Shaker Steps: Derek Feldman & Mark Rush

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Saraya Brewer

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Music video producers Mark Rush (left) and Derek Feldman filmed a perfomance from local act Bear Medicine in the UK Chandler Hospital atrium.

By day, Community Action Council financial fitness coordinator Derek Feldman counsels low-income, working class families; Mark Rush, a high school science teacher, coaches his students through the often confounding world of physics. And as producers of the online music video series Shaker Steps – which will soon become a television series on the local network KET – the duo dedicates much of their free time to helping uplift another sector of the population that often struggles to make ends meet: independent musicians.

“In the age of digital downloads, people don’t actually think about paying artists, or the money that it takes to support an artist,” explained Feldman. A songwriter who performs under the moniker Doc Feldman, Feldman has an intimate knowledge of the challenges often faced by working musicians, from building a following to paying the bills. It was with these factors in mind that he approached his friend Mark Rush, a fellow musician and hobby photographer, with the idea of creating a series of unique music videos that could serve to both bolster the regional music scene and help promote individual artists and bands. Rush received the idea warmly, and last fall the duo began filming and publishing videos under the umbrella of Shaker Steps, named in honor of a series of Shaker “spirit” drawings discovered on the steps of Rush’s historic Garrard County house.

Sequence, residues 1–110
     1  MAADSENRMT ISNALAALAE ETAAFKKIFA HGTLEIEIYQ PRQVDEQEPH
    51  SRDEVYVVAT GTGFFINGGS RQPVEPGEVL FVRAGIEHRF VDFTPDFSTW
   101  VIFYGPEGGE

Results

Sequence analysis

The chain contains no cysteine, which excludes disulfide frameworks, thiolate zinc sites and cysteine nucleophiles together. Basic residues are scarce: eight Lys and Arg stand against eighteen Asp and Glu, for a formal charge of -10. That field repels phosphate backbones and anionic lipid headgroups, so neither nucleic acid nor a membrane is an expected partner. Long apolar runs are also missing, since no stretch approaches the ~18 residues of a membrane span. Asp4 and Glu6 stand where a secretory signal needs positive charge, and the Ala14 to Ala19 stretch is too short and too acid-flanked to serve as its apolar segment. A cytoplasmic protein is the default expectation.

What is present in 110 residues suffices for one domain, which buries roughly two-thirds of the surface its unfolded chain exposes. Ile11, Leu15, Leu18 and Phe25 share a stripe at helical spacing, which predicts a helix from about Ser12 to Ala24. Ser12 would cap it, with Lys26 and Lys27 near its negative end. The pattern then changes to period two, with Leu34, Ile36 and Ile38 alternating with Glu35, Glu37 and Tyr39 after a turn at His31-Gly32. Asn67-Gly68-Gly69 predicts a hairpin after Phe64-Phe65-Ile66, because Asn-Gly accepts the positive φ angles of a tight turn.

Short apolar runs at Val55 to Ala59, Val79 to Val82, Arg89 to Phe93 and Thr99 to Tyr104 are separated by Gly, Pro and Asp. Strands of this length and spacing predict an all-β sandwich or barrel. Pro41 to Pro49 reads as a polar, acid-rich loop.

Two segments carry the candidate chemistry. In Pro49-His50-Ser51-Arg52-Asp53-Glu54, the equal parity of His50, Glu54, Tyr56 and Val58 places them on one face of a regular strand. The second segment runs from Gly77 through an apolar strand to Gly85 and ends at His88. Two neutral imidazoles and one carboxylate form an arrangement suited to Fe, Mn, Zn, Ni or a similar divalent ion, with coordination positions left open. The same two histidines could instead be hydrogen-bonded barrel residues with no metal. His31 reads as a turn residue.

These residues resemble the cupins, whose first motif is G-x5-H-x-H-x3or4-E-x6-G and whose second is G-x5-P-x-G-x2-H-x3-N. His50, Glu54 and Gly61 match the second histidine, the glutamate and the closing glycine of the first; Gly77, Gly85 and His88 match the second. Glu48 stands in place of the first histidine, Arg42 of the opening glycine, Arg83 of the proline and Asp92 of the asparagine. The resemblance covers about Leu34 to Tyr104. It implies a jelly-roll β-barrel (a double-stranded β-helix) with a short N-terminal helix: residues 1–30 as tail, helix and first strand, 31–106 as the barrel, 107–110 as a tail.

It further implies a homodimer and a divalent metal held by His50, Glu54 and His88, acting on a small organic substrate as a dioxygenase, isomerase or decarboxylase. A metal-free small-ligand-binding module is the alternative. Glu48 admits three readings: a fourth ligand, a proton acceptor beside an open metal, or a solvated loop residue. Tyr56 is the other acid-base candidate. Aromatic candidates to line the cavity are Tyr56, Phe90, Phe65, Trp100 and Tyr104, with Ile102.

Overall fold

“The beginning thought was just to interact with artists and do these intimate sessions that show the artists’ humanity – this sort of behind-the-scenes footage,” said Feldman, who said he was inspired by a similar video project based in his hometown, St. Louis, called “Show Me Shows.”

Shaker Steps videos, which typically range from three to six minutes in length, each feature a song performed by the artist in an unusual setting – be it a local boutique, a historic site, a park or an abandoned building. The videos often feature additional footage of the artist interacting with the filmmakers as well, highlighting raw and personal qualities that fans might not typically have the chance to witness in a typical concert setting.

The primary goal of the videos, which the duo began filming and publishing in the fall of 2012, was to give artists a tool they can use to promote their music, while at the same time encouraging fans to “spend money, to buy the album, to see them live, to buy a t-shirt – to go support the artist that you love,” Feldman said.

During the early process of creating the videos, however, Feldman and Rush soon noticed another important layer to the project: its ability to showcase venues and locations that are unique to Lexington and the surrounding area.

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